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Scheherazade Goes West:
Fatima Mernissi's unclassifiable book, at turns scholarly, playful, watchful, and admonitory, perfectly juxtaposes the relations between men and women in Europe with those in the Muslim world. In Scheherazade Goes West: Different Cultures, Different Harems, there is a studied casualness in Mernissi's observations, which she presents as a series of discoveries reached through conversations with friends, through reading and travels, and through her own lived experience as a liberated Moroccan woman, a feminist professor of sociology at a Moroccan university. In 1994, Mernissi traveled to 10 Western cities to promote her bestselling book, Dreams of Trespass: Tales of a Harem Girlhood, a luxury not available to her illiterate grandmother Yasmina, to whom the harem was a prison, rather than the idealized sanctuary of Western myth.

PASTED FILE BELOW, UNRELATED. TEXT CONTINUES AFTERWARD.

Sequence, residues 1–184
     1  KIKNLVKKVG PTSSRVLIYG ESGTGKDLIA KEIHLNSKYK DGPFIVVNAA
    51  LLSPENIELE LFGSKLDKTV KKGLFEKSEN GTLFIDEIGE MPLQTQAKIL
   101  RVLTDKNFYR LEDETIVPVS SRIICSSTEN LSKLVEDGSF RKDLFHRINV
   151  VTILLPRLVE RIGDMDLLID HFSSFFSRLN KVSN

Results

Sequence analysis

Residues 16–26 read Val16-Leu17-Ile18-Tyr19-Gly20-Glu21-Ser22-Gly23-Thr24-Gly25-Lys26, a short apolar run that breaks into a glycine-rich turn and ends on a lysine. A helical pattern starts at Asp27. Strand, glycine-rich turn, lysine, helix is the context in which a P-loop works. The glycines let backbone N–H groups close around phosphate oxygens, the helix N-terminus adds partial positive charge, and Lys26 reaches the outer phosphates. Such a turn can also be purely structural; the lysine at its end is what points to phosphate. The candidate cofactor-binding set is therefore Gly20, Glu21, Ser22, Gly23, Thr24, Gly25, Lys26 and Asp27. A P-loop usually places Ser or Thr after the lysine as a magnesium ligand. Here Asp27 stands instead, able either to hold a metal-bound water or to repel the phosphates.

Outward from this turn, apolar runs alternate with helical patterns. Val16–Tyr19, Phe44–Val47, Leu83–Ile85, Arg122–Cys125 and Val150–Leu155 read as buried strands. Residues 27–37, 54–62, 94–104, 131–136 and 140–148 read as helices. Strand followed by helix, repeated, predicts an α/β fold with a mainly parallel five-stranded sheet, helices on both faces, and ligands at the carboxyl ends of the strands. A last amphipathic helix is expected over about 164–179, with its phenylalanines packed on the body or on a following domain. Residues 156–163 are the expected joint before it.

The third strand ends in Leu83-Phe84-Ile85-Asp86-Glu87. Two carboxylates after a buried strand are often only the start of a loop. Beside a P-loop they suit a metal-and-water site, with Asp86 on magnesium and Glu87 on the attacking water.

The contrasts Mernissi discovered between East and West were not as simple as one might imagine. In Berlin, for example, she leafed through pornographic German photo books of "harem women," produced for an eager audience of Western men, and in Paris, she accompanied a male friend on a walking tour of his favorite odalisques, from Ingres to Matisse, while he explained how comforting an insecure man found these nude, silent women. While the medieval caliphs tended to prize intelligence and erudition among the women of their harems, Western writers have lauded beauty over every other quality; as Kant put it, a learned woman "might as well even have a beard." In deceptively light prose, Mernissi introduces the sexual politics of Islam to a Western audience, while pointing out the inconsistencies and illogic in the Western tradition. --Regina Marler [via]